Sure, they mess up a few things. Everyone knows there is no 13th floor in buildings. Superstitious building architects teamed up with the Templars to cut construction costs millennia ago. But even with the subjective shortcuts, we don’t get the shaft.

The sequence where Kristen gets stuck alone in the elevator is terrifying. Not because of the half-torso woman crawling on the floor, but for simple mechanics. It is tightly framed within a limited vantage point, which makes it both claustrophobic and peripherally dangerous. We know Kristen won’t be cut in half, but there’s a part of us that’s wanted it since the guide painted us such a vivid picture of it.

Evil Season 2 Episode 4 Review

While Kristen later blames her prescriptions, the scene also sublimely reflects what happened at the Cecil Hotel in Los Angeles, when Elisa Lam hid from unseen dangers.

David’s main opponent for the week is all too visible. Leland is having the time of his life, making fun of the religious rites. He pays for it, so the church goes with it. It is somewhat disturbing how David can openly express his disapproval of the supplicant to his superiors, but they repeatedly ignore him. His teammates have spoken out against Leland. Sister Andrea (Andrea Martin) almost asks David to hold on to her habit so she can kick the possessed, but the clergy still accommodate Leland’s every whim.

You can almost imagine them putting their hands over their ears as they chant “I can’t hear you.” There must be something going on here that is being clouded by the comedy. The series has made no overt references, but the church must be in bed with the devil they know.

Leland’s passive-aggressive race-baiting is so bad that the audience may feel an inner cheer when David punches local activist Logan later in the episode. Leland’s poisoning has such a ripple effect. It’s even worse when the comments about diversity rent are echoed by church officials and fellow church students. The temptations are skillfully hidden in the episode. Kevin, a fourth-year administrative student who finds that David hardly ever comes to class, says the star supernatural evaluator “is being groomed to be the great black hope of the Catholic Church.” David is later seduced by another, possibly more inclusive faith.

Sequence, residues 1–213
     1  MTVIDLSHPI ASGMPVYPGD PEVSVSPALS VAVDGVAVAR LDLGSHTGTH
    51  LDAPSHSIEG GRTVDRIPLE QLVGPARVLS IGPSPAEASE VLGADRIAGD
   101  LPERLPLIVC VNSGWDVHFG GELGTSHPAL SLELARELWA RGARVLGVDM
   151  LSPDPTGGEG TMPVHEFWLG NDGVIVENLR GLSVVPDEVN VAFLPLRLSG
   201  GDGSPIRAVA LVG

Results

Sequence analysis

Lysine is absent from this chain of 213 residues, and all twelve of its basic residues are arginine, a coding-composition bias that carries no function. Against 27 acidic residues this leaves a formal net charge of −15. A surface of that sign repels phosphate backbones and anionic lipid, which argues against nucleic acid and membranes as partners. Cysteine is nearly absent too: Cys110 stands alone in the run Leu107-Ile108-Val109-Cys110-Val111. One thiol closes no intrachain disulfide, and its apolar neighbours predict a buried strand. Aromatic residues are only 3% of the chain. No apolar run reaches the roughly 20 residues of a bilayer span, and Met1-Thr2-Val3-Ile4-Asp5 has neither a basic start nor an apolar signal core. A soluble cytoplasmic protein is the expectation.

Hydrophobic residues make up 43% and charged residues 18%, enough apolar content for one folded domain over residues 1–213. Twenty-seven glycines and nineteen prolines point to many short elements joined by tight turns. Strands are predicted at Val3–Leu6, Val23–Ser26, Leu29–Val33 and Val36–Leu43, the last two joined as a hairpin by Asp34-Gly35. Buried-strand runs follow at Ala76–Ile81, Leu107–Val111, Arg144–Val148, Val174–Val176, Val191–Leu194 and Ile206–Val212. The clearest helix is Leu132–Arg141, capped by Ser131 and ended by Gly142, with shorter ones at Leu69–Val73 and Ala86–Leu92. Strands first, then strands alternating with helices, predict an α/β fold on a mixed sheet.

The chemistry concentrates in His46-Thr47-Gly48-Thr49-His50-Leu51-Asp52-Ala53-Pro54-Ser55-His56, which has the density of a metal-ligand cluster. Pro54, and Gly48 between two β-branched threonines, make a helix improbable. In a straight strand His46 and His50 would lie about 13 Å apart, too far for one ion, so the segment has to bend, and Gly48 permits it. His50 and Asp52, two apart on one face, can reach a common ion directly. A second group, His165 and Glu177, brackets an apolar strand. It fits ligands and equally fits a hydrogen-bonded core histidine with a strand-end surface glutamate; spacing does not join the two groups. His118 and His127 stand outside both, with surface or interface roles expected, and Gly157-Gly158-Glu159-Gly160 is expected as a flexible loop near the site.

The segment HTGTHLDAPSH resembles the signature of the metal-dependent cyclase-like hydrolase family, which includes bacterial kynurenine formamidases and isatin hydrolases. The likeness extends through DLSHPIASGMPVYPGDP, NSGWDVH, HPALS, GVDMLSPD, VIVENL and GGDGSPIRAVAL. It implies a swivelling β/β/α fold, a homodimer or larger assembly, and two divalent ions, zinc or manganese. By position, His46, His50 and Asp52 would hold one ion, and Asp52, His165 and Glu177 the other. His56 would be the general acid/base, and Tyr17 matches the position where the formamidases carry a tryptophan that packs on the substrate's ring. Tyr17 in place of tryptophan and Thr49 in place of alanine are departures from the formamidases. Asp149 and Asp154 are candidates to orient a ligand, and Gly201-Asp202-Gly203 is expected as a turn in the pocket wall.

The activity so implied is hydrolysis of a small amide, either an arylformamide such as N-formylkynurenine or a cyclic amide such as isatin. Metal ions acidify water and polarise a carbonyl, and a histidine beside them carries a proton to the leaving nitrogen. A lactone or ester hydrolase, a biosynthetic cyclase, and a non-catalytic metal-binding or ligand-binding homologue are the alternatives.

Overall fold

It’s a shame that the public doesn’t get to hear David’s sermon in full. The priest-in-training has great respect for his value to the Church. His superiors may think he’s selfish, but he honestly has a selfless motive behind the seeming boast. Ben, on the other hand, “never stops feeling like an idiot at this job.” And his is the most interesting arc of the episode. He enlists a friend, who could have been more than a friend, to understand the intricacies of the Elevator game. The game itself is a big plus for the series. It is always topical and universally frightening. Nobody wants to get stuck in an elevator.

Ben’s near-ultimate fate is almost equally universal. Those cheap critters are admittedly pretty creepy, but they’re sold by Ben’s reaction. The realization of their presence leaks into his eyes. It’s a slow ride before registering shock and disgust. He actually expects the woman to be alive if he turns her over. He is more disappointed than shocked by his initial discovery, which suits the character. He is grounded and yet hesitant. He wants it to be okay. Ben’s ambiguous acceptance of his personal demon is also played well tonight. She is his Jiminy Cricket in reverse, and as he descends into sentimentality, she cuts his syrup down to the stump.

“E Is for Elevator” is a fun episode that really suits all ages, or at the very least will appeal to their actual interests. The urban legend keeps it contemporary, the social content makes it timeless and the unusual approach keeps it alive. disaster some of the more paranormal ambiguities also remain uncertain.